Bristol, Tenn., is home to two innovative projects including this 200-solar panel structure at Holston View Elementary School, which serves as an outdoor classroom with teaching opportunities in math and science.
Alternative power sources have come a long way since the days of tie-dye and granola.
Cars, homes, schools, farms, and big businesses have all been developed to take advantage of alternative power sources - solar and wind power the most utilized in this area. The tall, graceful windmill-like structures are wind turbines. Although there are several places in the U.S. where these structures are common sites, Northeast Tennessee and Southwest Virginia are not among them - not enough wind. Solar power is the alternative fuel of choice for this part of the country.
In the surrounding area, one will find solar panels on a number of businesses: Berry Home Center (Abingdon, Va.), Burger King and Universal Printing (Bristol), to name a few.
Nick Safay, vice president of Operations & Development for EcoLogical Energy Systems, is quick to point out that solar panels are sometimes visible on project, sometimes not. Many see the panels on the side of buildings or on the ground. But others may be mounted on the top of flat roofs or used as drive-under structures. No matter what the configuration, these panels generate substantial energy and cost savings.
Bristol, Tennessee, is home to two innovative projects.
The first, the Bristol Landfill project, is on top of a capped landfill and is an 819-panel, 200-kWh system which generates approximately 300,000 kWh hours a year. EcoLogical Energy Systems leases the land from the City of Bristol, sells the electricity at the landfill to TVA via BTES for $0.21/kWh. The system generates approximately 300,000 kWh annually. It is providing enough electricity to power approximately 50 homes in the area - clean energy!
The second project is a solar pavilion at Holston View Elementary School. The 200-solar panel structure is used not only to provide energy, but is also an outdoor classroom with teaching opportunities in math and science. The 50-kWh system generates 68,000 kWh a year. Once the initial investment has been recouped (in approximately 10 to 15 years), EcoLogical Energy Systems will donate the system to the school, at which time the school will start seeing a reduction in its electricity bills of almost 15 percent.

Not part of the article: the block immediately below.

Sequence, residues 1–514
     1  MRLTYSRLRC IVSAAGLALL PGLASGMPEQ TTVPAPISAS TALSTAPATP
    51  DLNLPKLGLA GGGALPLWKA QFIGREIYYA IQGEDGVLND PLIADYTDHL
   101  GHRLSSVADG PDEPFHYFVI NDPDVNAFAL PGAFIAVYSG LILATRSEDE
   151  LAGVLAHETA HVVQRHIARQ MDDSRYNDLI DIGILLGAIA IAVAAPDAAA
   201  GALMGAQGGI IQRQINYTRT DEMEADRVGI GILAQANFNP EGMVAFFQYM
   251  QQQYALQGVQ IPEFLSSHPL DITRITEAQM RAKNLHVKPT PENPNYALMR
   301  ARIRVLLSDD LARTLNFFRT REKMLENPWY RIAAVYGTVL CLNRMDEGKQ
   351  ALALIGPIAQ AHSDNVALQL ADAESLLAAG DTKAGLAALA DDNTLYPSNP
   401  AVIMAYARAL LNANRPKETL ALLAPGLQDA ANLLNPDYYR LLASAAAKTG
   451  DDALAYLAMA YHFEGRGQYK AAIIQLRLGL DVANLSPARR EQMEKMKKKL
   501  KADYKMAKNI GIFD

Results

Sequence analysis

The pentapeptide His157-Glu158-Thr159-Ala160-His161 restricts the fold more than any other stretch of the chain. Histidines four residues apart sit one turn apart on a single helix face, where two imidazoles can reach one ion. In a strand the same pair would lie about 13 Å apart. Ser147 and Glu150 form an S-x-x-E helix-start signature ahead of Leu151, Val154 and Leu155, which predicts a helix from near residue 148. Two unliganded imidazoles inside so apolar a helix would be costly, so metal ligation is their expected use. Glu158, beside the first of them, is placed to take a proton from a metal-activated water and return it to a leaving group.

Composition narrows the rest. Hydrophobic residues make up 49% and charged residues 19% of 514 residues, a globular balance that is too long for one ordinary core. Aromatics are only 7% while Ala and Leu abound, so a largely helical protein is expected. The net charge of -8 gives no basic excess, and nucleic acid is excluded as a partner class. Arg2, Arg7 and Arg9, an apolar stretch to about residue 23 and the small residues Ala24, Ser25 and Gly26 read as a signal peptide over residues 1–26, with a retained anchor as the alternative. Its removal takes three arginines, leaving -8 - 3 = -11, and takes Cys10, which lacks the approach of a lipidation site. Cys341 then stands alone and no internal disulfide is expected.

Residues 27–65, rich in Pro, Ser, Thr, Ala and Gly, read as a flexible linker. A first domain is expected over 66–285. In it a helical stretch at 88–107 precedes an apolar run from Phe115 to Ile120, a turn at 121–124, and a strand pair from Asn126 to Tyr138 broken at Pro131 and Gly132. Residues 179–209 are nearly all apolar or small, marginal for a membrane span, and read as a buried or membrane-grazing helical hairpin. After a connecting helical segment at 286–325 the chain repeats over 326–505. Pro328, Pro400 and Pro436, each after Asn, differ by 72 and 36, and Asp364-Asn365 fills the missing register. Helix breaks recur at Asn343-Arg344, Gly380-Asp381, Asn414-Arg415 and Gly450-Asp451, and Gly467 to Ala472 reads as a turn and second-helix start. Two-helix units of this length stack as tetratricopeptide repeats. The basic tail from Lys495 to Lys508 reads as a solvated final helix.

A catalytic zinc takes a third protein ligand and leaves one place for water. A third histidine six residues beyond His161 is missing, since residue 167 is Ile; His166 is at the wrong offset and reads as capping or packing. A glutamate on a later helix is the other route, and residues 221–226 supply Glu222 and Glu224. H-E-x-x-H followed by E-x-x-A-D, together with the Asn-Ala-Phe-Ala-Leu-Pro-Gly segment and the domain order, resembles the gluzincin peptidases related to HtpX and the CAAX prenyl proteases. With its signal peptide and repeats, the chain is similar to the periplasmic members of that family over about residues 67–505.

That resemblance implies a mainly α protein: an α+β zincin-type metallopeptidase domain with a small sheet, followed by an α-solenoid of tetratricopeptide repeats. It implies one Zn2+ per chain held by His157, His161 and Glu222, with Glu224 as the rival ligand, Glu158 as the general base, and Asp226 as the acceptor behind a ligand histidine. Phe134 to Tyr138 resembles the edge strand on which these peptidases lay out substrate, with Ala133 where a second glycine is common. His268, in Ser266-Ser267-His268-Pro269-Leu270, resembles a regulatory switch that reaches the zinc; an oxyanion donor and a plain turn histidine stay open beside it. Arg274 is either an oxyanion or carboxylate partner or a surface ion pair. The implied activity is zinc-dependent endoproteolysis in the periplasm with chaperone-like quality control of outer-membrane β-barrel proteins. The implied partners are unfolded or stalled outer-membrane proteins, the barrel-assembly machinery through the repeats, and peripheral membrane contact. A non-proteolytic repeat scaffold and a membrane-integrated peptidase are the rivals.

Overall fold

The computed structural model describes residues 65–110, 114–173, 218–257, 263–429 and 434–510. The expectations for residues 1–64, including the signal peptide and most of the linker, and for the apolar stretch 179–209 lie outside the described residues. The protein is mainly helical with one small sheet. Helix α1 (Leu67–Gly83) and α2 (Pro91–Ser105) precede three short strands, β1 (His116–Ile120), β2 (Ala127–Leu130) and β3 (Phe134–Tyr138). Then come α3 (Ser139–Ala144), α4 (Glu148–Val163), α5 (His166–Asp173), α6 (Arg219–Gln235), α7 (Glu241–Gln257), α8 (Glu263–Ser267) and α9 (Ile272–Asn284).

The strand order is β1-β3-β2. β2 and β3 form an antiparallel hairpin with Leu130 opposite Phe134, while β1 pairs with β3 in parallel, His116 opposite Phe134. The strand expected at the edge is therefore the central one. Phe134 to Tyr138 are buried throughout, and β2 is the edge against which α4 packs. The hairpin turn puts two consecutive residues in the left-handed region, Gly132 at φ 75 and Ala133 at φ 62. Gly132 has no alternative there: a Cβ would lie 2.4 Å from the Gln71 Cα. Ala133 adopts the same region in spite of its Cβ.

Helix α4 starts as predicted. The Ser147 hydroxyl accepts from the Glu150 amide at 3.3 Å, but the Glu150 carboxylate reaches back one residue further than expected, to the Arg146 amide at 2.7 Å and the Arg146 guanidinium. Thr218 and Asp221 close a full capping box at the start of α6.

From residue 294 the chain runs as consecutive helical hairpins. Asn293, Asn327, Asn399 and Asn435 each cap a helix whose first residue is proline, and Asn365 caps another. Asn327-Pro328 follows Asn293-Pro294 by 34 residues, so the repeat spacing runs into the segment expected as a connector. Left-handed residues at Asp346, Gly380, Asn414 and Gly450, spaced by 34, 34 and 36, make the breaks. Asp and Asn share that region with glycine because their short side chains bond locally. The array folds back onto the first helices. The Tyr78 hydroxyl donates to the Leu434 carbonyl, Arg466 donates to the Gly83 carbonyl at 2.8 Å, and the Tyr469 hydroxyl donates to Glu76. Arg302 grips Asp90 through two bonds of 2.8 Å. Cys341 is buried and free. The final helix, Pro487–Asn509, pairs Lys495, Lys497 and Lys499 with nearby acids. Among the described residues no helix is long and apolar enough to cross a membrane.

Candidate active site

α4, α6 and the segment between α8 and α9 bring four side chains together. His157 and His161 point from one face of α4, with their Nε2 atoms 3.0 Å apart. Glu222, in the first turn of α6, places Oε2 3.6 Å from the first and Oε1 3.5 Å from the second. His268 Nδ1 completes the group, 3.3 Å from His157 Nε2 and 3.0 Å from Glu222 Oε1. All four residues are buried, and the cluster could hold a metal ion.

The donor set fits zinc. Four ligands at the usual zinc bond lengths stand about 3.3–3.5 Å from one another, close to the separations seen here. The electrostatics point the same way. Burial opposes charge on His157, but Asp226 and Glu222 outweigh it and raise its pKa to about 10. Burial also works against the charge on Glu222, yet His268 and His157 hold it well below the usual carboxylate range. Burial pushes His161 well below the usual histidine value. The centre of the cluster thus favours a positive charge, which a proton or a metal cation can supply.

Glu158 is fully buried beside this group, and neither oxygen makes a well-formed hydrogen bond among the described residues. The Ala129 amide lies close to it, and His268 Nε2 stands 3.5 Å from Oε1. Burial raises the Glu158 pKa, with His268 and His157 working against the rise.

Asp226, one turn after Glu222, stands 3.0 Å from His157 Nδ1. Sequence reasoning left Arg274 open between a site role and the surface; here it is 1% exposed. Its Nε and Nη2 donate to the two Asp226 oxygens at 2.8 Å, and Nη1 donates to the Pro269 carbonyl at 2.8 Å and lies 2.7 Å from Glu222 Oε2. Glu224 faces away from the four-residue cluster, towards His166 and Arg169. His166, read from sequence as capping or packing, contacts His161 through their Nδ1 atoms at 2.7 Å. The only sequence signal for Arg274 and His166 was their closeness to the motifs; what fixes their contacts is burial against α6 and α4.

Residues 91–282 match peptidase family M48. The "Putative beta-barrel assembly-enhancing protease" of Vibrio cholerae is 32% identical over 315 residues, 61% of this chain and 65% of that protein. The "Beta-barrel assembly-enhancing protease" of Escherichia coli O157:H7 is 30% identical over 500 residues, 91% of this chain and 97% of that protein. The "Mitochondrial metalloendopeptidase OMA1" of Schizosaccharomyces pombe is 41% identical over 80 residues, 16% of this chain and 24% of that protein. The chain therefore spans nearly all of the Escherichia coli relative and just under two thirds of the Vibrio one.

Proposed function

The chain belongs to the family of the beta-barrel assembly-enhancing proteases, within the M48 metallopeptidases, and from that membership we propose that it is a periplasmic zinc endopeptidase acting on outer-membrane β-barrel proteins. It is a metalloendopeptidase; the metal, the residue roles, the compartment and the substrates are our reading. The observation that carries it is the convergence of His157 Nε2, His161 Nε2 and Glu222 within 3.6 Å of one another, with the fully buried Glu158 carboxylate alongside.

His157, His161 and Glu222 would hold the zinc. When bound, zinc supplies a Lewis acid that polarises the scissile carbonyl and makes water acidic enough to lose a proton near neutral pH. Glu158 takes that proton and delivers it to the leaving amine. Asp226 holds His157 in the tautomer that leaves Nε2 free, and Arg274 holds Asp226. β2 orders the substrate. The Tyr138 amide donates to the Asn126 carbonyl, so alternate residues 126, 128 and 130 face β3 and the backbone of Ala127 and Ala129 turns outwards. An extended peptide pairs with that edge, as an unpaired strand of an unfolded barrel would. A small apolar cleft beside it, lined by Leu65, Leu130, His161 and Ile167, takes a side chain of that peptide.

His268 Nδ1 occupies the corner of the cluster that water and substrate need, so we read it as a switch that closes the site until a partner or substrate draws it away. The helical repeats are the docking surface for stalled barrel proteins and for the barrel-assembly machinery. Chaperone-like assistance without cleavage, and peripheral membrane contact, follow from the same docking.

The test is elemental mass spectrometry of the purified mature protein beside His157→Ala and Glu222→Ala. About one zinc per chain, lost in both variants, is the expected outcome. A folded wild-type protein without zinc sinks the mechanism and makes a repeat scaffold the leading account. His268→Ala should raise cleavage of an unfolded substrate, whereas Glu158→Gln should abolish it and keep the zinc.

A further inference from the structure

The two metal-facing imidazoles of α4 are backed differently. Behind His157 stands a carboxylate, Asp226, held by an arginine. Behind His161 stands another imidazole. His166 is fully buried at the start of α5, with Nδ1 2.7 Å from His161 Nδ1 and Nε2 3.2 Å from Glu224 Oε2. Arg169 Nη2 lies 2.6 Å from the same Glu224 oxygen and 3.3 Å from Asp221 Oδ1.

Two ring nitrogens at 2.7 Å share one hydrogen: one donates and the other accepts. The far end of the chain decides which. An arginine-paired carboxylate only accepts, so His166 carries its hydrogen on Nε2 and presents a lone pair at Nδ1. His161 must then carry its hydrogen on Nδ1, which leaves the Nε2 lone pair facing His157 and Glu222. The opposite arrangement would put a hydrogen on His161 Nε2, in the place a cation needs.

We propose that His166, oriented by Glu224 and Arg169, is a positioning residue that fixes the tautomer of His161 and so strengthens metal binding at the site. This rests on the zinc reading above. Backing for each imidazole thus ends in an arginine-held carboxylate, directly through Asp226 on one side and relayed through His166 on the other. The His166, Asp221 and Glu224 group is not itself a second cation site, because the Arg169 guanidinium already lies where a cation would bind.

Solar panels and wind turbines are not the only differences - the ways in which these new energy sources are marketed are very different from those 20 to 30 years ago. Solar for Business Lunch & Learn opportunities are offered through Chambers of Commerce. Solar for Homes presentations may be given at a cocktail party, and there are Solar Tours offered to those who want to see a system ”up close and personal.”
While schools and colleges such as Virginia Highlands Community College have solar energy systems, it is interesting to note that the U.S. Military is the largest customer of the solar industry and major businesses such as Wal Mart and Google have numerous solar projects on their stores and data centers. Businesses are often attracted to the quick return on their investment and there are incentive programs, such as the 30 percent federal tax credit and other federal, state and local utility incentives.
EcoLogical Energy Systems is located at 508 Volunteer Parkway in Bristol, Tenn. They may be reached by calling 423-573-4361 or visit www.YourEcoEnergy.com.